A recent article in Reuters reported that in South Korea, internet addiction is a huge problem. In fact, 1 in 10 children are now internet addicts. And even after a government ban designed to address the problem, internet addiction continued to escalate as children simply learned to use their parents passwords to circumvent the law. So when a young South Korean teenager’s parents were given the suggestion to try equine therapy to combat her addiction to the internet, being at their wit’s end, they eagerly gave it a try.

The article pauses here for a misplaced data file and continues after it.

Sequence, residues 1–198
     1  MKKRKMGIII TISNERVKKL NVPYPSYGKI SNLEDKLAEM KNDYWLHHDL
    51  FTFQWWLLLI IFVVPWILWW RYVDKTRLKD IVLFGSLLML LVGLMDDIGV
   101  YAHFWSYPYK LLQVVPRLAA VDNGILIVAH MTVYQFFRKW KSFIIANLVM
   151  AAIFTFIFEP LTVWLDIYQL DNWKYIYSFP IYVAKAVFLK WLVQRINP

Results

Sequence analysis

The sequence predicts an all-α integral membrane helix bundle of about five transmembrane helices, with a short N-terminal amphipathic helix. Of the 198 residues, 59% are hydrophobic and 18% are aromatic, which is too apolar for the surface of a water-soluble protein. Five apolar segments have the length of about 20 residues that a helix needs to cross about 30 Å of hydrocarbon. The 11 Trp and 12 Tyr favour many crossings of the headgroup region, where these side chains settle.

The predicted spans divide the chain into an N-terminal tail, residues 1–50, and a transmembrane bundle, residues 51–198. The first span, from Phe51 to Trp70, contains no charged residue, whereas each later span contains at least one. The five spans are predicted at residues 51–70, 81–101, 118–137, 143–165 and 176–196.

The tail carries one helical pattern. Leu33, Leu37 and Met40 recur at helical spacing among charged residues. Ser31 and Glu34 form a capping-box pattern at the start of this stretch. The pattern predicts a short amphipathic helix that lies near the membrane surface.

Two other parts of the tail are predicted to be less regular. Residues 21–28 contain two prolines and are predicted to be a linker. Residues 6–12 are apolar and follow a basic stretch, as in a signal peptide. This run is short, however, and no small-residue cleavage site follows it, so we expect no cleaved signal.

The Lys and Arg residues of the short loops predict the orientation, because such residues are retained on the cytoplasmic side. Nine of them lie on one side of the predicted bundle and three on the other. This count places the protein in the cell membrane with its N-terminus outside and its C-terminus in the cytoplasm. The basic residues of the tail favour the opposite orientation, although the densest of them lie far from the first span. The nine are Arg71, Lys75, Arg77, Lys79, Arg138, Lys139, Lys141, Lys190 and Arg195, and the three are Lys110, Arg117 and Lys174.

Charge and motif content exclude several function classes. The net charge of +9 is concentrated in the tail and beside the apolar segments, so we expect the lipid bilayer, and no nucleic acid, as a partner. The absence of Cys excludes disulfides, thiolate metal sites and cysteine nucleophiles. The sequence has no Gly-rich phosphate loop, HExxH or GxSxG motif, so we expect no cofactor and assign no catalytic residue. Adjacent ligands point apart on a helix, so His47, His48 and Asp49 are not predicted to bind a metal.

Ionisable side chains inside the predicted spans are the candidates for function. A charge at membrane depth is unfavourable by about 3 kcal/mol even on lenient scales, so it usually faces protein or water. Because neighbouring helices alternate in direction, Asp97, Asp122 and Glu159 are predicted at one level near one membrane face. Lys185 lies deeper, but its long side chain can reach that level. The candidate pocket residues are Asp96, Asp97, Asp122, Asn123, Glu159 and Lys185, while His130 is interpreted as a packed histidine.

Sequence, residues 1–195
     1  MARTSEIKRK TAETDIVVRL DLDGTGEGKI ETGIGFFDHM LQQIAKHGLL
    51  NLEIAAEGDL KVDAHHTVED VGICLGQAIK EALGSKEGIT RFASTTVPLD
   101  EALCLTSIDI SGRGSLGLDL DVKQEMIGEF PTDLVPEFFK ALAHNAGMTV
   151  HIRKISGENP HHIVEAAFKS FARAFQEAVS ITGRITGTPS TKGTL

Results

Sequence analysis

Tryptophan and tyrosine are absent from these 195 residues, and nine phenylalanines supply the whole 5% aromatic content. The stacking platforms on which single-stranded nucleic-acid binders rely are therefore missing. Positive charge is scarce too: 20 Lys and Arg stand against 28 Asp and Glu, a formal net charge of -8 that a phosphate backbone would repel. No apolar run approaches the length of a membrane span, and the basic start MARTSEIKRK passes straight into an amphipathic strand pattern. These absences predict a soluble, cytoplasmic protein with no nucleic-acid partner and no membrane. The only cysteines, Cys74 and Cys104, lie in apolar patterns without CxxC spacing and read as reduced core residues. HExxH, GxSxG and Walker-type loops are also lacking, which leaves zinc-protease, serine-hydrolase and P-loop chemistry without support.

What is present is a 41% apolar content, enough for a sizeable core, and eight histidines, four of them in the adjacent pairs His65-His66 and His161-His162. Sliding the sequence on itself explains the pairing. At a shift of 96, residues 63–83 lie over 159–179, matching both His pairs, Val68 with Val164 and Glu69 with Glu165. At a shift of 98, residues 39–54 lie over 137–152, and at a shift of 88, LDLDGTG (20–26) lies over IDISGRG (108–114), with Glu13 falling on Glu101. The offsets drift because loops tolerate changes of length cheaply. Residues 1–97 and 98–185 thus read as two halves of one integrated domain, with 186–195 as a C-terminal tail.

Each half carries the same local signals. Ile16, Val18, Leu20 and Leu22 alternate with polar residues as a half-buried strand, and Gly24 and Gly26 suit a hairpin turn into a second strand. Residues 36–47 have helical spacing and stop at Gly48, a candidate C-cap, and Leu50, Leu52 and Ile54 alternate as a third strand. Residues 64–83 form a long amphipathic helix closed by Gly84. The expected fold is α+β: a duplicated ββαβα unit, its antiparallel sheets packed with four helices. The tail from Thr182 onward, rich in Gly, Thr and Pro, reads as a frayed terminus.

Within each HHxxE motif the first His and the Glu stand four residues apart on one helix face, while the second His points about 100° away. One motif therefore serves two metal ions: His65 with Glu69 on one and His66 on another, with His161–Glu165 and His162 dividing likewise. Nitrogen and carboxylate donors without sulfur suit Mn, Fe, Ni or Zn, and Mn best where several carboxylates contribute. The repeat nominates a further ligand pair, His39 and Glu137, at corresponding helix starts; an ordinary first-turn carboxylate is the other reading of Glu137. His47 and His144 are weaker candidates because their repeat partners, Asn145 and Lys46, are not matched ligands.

While there are many factors that contribute to obesity, and certainly, it would seem presumptuous to pin obesity on any one factor, as of late there has been some fascinating research that sheds needed light on obesity and, more importantly, the development of it.
Chartered Psychologist Ruth Lowry explains the benefits of volunteering as, “a form of pro-social behavior that involves commitment given over an extended period of time”.
Certainly anyone willing to try an alternative therapy like equine therapy might also wonder if it is truly effective. And yet, typically, alternative therapies also are shy on research, and finding valid, and relevant studies can be challenging.